All of zarraha's Comments + Replies

I don't see what the problem is. Utilitarianism says that there is, or ought to be, some objective utility function, the maximization of which is what determines "good" and "evil". This function need not be a linear combination of people's personal utility functions, it can be "well-being" as you describe, but this doesn't make it fundamentally different from other utility functions, it's simply a set of preferences (even if nobody in real life actually has these preferences in this precise order). Theor... (read more)

What you've defined above is just morality in general: basically any moral theory can be expressed as a "nonlinear" function of some properties of individuals plus some properties of the world. For example, in deontology one nonlinearity is the fact that murdering someone is nearly-infinitely bad. The key thing that utilitarianism does is claim that the function we should be maximising is roughly linear in well-being; my main point is clarifying that it shouldn't be linear in "utility" (in either a desire or an economic sense).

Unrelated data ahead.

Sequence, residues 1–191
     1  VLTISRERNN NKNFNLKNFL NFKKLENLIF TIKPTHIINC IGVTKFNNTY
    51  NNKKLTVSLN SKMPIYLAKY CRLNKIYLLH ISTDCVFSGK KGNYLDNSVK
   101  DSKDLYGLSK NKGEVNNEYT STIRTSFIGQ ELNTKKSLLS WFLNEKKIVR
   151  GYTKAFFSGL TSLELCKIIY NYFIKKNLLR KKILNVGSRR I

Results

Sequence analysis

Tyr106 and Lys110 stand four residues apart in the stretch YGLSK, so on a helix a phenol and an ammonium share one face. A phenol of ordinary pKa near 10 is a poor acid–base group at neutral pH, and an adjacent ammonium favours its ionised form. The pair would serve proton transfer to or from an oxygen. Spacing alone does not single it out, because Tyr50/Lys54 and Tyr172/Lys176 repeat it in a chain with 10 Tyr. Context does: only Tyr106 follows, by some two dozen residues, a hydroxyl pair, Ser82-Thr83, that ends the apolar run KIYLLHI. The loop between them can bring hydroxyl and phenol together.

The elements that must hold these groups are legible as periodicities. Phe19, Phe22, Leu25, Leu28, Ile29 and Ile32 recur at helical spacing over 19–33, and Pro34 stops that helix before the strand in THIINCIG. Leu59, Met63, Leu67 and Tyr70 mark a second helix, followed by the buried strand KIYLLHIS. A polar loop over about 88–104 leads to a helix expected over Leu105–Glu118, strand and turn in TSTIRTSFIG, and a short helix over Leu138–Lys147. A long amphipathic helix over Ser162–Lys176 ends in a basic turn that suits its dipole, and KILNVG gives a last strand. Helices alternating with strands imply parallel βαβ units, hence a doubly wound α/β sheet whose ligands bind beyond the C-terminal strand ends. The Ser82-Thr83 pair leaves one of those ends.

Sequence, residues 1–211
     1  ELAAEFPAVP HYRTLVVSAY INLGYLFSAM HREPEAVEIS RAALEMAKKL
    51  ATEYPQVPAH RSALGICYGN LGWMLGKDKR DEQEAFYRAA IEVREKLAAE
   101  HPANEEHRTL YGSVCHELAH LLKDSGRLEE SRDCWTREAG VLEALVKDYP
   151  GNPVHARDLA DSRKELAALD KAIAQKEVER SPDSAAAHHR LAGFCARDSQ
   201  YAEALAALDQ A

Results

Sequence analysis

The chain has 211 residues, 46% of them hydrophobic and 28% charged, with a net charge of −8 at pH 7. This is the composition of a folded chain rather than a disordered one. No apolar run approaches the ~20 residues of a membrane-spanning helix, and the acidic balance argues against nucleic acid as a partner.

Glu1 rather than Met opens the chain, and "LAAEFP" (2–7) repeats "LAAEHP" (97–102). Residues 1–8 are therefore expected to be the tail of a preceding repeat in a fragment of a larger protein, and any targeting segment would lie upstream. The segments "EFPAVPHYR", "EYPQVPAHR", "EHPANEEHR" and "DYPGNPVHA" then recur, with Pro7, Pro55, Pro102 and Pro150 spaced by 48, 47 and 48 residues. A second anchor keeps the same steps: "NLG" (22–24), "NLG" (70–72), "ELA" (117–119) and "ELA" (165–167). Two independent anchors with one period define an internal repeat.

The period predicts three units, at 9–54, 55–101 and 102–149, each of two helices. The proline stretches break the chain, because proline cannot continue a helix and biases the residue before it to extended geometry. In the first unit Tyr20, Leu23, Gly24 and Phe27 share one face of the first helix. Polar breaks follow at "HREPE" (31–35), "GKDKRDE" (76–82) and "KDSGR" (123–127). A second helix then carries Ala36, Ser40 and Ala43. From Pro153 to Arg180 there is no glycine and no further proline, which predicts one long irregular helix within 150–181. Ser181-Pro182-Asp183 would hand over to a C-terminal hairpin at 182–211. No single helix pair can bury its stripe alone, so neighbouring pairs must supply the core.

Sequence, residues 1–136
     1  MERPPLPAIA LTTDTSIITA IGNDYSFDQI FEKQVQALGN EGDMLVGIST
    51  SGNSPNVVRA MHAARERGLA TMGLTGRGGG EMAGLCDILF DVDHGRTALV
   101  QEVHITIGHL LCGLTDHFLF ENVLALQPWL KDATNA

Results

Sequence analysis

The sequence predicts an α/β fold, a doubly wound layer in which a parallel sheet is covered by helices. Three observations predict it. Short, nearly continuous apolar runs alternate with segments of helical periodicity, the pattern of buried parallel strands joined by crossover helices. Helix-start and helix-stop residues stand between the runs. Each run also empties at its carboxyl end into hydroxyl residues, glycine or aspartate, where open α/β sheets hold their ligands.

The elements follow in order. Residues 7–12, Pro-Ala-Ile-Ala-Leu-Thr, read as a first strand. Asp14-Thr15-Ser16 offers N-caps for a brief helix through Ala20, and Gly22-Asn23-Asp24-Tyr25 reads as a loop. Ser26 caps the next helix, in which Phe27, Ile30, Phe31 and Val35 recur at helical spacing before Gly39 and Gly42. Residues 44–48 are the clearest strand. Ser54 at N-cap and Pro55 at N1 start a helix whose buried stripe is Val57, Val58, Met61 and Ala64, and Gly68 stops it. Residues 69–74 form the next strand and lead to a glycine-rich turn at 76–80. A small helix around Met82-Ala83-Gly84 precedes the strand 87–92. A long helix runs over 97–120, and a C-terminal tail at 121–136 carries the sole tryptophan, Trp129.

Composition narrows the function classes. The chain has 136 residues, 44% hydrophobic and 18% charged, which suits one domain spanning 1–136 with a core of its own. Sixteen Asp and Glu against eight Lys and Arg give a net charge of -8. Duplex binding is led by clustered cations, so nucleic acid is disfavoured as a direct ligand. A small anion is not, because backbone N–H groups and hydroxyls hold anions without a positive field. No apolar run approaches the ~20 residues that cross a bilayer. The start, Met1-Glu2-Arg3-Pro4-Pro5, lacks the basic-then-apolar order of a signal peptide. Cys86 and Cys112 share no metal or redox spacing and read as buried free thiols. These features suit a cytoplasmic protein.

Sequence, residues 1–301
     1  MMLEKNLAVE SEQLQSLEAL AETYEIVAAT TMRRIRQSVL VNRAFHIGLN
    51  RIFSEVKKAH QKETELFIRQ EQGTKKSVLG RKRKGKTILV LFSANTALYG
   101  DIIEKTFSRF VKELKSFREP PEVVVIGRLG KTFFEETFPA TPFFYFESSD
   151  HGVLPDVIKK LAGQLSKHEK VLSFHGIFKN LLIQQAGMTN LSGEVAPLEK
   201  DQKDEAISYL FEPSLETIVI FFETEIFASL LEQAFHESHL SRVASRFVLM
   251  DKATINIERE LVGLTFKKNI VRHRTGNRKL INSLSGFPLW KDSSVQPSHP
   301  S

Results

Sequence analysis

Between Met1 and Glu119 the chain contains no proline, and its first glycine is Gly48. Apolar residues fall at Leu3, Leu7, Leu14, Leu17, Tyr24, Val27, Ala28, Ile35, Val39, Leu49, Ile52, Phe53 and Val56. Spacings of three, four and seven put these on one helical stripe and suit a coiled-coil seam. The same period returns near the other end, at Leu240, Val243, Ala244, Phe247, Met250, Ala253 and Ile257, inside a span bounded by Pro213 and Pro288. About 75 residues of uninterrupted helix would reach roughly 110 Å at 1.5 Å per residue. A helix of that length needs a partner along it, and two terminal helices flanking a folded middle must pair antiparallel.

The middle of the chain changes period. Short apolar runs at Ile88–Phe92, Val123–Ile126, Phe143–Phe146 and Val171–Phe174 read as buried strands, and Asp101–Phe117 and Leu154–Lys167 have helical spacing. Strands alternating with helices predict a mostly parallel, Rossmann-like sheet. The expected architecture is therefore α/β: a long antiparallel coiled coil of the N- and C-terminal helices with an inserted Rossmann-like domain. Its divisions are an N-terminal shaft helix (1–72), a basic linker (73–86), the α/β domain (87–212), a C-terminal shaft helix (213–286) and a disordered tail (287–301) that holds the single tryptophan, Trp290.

A somewhat moderate nitpick, a lot of your degrees of freedom don't multiply with each other. For example, #4 and #6. We have 2 types of lattitude systems, and we have 3 types of measurements (location, height, width) But this only gives us 4 possible combinations, not 6 (lattitude 1, lattitude 2, width, height). And a lot of your other degrees of freedom don't multiply like longitude/lattitude, or location also don't multiply with width/height. Similarly, #3 and #7 don't multiply. You only have two degrees of freedom correspondin... (read more)

Thanks for pointing that out; I noticed that too. This is perhaps partly made up for by the fact that he doesn't count feet or the mouth of the Nile river as possibilities.